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Pans & Tilts
Venice under the Hollywood Spell ?
By Gautaman Bhaskaran
South Asia Correspondent
Burn After Reading

The Venice International Film Festival may be firmly under the spell of arthouse cinema, a direction that its present director, Marco Muller, decided on even before his current term was extended by an additional four years. But who is to stop Hollywood's mesmeric spell, which was apparent at the ongoing Festival's opening Press conference held minutes after the inaugural movie, "Burn After Reading" by the Coen Brothers was screened for the Press.

It was a mad rush to grab the best seats that would enable a vantage view of the stage. And this was perhaps more important than the film itself. For, George Clooney and Brad Pitt were to take to the stage along with directors Joel and Ethan Coen, and actresses Tilda Swinton and Frances McDormand. Nobody could tell why that brilliant performer, John Malkovich, was not around. Perhaps, he felt that George and Brad were too much to handle.

At the Press meet, most questions, especially from women journalists, were shot at these two dashing men, George divinely casual in a pair of jeans and a shirt with the top buttons off and Brad in a stylish hat that got the audiences into a rapturous state.

"Burn After Reading" is an unusual Coen work. Certainly, there are a couple of murders, which the brothers are famous or infamous for. But these are punctuated with whopping wit. There were times when the auditorium reverberated with laughter for what seemed like an eternity.

The movie follows the Coens' critically acclaimed work, "No country for Old Men," a canvas drawn on blood and gore. The characters in both films suffer dire consequences — a constant feature in the brother's oeuvre — but "Burn After Reading" is peppered with such humour that it makes the pain a little bearable.

Joel says the characters in their latest work are "knuckleheads, but not unlovable ones, and we wrote the parts with George, Brad and John in mind."

"Burn After Reading" talks about mid-life crisis, professional and sexual problems, which strangely touch on America's security concerns. The movie grapples with a medley of issues: the CIA in Washington, the obsession for physical perfection and the mysterious allure of internet dating, and when all these collide and intersect the outcome can well be explosive.

Although the Coens have done comedies before, this is the first time they were heading into a world of spies and intrigue. The plot opens in Washington's CIA headquarters, where analyst Osborne Cox (played with brilliant finesse by Malkovich) is being dismissed. Cox returns home to his cheating wife, Katie (Tilda Swinton), bouts of drinking and penning his tell-all-about-the CIA memoirs. Harry Pfarrer (Clooney), is her lover, perennially dating women but never daring to go beyond the bed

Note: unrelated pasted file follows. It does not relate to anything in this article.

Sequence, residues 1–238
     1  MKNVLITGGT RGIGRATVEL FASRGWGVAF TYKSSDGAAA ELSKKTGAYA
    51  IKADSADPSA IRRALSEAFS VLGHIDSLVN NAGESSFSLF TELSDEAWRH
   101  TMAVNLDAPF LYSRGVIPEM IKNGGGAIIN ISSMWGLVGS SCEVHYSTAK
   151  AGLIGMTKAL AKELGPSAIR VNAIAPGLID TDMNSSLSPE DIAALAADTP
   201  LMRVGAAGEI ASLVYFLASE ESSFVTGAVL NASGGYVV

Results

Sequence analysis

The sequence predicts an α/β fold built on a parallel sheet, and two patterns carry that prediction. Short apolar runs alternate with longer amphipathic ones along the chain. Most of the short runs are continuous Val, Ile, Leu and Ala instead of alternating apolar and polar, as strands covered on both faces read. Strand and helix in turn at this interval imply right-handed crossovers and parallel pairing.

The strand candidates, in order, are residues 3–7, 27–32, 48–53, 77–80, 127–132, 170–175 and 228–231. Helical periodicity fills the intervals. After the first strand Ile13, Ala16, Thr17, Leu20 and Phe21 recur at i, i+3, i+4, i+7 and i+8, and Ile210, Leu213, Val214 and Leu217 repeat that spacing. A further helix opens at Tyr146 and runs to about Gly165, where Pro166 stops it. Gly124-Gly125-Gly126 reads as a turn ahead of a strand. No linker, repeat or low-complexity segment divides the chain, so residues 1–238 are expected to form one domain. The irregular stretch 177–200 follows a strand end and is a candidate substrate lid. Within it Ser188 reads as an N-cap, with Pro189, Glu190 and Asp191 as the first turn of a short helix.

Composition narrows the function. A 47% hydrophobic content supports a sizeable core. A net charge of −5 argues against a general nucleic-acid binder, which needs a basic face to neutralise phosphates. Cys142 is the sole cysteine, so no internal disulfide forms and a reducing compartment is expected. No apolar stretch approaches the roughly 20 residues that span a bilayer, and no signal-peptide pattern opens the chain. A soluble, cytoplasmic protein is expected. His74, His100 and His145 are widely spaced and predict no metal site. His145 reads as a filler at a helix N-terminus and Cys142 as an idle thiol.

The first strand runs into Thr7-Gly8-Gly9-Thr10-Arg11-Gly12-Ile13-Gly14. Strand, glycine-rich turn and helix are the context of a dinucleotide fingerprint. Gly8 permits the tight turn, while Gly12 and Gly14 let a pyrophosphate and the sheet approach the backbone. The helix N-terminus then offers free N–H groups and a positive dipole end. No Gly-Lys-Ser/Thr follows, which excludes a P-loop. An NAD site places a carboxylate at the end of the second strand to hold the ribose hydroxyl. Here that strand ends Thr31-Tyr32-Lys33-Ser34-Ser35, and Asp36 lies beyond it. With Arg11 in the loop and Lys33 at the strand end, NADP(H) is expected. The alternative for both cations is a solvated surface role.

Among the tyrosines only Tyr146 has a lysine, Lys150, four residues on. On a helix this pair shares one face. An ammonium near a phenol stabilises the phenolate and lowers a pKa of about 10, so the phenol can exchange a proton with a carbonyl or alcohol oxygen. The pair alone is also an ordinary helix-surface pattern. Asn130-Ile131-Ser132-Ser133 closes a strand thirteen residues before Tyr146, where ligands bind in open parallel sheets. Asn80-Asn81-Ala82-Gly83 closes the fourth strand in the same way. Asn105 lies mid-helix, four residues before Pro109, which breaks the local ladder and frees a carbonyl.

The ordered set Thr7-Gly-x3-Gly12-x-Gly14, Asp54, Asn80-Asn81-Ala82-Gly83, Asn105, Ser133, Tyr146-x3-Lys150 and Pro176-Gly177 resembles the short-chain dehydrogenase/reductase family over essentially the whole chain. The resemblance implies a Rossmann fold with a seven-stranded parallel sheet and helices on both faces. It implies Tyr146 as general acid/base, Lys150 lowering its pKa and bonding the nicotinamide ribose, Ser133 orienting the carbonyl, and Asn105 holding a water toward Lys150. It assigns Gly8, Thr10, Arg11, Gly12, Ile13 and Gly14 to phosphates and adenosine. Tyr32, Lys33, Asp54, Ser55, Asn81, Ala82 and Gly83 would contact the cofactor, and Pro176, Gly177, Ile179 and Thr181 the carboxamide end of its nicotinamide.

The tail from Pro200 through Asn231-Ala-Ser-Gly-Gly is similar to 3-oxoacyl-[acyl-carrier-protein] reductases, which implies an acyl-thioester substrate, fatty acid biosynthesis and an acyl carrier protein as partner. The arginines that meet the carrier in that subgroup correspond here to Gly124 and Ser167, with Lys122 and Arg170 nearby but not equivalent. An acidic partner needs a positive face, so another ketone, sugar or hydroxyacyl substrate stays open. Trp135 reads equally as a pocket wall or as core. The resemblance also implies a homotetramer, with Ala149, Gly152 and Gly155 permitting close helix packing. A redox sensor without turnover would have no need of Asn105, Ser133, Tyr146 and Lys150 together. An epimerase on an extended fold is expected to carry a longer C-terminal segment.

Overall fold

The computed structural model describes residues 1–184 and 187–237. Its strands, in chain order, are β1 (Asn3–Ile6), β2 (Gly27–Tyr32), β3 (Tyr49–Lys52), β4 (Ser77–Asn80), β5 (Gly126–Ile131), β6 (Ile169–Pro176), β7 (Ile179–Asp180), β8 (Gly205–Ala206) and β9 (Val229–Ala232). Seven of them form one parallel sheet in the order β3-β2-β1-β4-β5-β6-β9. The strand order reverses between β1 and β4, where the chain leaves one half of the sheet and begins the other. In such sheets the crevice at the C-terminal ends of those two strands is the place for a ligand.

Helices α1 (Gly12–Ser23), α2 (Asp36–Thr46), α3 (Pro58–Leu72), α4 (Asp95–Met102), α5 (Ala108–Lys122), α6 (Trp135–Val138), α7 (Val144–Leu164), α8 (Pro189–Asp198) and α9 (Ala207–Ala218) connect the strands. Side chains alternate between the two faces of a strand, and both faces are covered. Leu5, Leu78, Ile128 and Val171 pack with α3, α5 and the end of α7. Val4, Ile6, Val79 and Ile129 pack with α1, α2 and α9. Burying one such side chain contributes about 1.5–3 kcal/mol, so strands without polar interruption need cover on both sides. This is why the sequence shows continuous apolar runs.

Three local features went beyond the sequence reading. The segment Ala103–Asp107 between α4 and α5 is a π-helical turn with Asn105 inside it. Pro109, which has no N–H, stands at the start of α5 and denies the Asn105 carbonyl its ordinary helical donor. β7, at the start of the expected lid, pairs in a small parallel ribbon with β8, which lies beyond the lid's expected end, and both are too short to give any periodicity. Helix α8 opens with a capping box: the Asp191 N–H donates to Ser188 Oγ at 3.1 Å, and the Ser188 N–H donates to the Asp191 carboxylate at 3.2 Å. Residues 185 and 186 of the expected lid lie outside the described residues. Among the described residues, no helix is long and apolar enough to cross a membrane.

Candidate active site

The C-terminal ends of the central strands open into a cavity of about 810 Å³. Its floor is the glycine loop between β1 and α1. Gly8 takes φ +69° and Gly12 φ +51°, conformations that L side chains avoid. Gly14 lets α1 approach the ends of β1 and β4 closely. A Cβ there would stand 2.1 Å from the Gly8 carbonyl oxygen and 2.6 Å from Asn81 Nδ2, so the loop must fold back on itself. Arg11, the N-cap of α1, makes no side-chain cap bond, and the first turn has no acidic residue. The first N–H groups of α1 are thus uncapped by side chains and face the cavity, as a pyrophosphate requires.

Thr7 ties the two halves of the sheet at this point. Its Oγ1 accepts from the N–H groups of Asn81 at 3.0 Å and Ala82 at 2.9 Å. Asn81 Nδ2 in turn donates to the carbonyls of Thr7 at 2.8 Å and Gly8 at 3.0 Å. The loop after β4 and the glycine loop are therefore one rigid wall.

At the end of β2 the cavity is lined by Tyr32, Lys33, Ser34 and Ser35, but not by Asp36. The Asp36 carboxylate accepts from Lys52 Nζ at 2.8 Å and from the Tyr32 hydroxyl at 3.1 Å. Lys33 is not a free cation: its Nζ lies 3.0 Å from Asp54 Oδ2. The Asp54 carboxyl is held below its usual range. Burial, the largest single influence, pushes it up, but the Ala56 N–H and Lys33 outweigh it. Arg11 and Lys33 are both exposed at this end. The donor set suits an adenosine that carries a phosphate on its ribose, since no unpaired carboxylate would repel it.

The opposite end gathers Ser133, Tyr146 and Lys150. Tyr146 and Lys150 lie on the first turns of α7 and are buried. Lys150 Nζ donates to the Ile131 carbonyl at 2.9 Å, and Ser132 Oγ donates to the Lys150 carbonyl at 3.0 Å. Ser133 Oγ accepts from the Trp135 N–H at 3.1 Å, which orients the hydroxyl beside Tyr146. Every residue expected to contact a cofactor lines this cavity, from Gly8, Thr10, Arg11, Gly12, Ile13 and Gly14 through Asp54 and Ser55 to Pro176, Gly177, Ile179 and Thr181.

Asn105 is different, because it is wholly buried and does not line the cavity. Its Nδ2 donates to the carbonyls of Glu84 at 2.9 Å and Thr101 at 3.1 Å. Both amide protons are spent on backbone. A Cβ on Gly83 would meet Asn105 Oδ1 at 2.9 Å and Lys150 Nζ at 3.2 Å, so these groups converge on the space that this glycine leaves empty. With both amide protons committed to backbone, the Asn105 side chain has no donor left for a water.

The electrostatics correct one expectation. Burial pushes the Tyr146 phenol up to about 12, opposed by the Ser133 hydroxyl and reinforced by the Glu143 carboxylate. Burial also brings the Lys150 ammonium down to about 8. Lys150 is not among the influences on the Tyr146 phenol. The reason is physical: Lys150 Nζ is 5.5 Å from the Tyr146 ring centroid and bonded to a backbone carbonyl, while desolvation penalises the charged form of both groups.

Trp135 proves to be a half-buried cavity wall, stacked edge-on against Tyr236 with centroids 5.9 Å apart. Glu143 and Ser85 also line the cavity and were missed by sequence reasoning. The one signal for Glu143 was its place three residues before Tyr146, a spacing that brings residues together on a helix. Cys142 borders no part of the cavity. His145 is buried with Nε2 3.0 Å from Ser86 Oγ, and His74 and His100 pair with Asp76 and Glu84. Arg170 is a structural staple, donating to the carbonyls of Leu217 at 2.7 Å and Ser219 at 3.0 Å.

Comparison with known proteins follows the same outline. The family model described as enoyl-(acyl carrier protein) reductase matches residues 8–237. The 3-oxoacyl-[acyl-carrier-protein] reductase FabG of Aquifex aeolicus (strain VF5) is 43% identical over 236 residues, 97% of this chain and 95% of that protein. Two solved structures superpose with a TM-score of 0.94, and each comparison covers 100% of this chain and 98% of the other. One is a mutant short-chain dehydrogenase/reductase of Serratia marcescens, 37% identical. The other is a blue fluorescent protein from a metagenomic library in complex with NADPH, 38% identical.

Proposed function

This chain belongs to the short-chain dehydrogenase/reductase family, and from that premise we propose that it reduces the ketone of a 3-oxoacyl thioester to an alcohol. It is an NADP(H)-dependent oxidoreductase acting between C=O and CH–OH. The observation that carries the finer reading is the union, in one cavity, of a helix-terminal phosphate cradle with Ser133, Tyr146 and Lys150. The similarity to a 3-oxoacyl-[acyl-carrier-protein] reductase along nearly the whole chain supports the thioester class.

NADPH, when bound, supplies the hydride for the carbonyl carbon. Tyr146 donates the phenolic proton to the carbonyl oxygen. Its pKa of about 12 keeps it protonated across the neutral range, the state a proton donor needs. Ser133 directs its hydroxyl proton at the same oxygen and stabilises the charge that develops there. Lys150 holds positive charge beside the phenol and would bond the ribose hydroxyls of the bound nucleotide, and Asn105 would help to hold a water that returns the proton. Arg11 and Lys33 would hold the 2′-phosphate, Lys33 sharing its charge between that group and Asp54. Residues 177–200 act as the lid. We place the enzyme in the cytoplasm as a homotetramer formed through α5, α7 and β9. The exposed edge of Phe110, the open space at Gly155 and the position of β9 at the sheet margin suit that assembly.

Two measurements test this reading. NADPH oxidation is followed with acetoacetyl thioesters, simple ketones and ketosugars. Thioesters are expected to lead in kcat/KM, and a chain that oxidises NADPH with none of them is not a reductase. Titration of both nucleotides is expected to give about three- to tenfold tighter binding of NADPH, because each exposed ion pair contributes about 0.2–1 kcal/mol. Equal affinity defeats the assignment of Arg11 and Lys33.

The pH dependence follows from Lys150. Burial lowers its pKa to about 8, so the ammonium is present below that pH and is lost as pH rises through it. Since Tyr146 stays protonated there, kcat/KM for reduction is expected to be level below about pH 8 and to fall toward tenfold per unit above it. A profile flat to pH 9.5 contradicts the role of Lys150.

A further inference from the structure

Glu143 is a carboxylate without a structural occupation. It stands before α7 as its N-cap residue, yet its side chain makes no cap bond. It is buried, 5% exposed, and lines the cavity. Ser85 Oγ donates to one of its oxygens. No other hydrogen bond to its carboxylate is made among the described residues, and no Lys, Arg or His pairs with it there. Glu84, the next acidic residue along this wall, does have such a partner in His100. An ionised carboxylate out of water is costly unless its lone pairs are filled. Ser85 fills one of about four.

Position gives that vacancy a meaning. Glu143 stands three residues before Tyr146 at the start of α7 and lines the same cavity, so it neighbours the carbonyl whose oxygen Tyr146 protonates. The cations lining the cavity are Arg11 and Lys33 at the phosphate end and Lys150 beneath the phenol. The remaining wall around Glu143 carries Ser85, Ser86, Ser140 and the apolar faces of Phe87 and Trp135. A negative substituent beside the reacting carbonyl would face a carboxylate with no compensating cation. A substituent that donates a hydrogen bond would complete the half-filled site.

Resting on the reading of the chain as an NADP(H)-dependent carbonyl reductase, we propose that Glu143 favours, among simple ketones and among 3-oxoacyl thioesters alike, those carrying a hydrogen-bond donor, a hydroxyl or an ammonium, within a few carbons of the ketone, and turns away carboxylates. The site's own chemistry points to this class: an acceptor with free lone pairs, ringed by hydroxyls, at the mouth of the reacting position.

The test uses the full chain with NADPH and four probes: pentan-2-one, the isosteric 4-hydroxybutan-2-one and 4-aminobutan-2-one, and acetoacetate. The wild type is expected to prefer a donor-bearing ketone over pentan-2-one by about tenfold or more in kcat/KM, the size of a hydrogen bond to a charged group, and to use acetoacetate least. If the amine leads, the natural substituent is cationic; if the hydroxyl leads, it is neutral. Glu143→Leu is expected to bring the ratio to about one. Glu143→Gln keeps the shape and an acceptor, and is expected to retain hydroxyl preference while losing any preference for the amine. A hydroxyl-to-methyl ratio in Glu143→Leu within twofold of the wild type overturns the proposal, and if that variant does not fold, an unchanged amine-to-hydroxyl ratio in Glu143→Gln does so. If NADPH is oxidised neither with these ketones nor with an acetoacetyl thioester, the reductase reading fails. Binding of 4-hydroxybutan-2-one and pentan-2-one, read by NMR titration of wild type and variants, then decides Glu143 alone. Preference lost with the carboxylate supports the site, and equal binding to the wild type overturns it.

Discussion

When the disc containing the memoirs falls into the hands of two fitness centre trainers — Linda Litzke (Frances McDormand), planning expensive body sculpting surgeries on herself, and Chad Feldheimer (Pitt) — we know it is time for blackmail and blundering. Of the latter, there is plenty.

Ethan has a classic quote here: As George gets older, our characters for George are getting older, and not wiser!" Pitt's Chad is dumbbell, a gum chewing Gatorade-swilling, iPod-addicted bubble brain, an idiot, but with a good heart. As Tilda's Katie, screams "Stop the foolishness," the Coens do not. For, this time, they have found bungling fools to bump off one another. It is this touch of scorn and wittiness that gets "Burn After Reading" spinning splendidly. A marvellous opening shot for the Festival by the Adriatic.



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Gautaman Bhaskaran is a veteran film critic and writer who has covered Cannes and other major international festivals, like Venice, Berlin, Montreal, Melbourne, and Fukuoka over the past two decades. He has been to Cannes alone for 15 years. He has worked in two of India’s leading English newspapers, The Hindu and The Statesman, and is now completing an authorized biography of India’s auteur-director, Adoor Gopalakrishnan. Penguin International will publish the book, whose research was funded by Ford Foundation.

 

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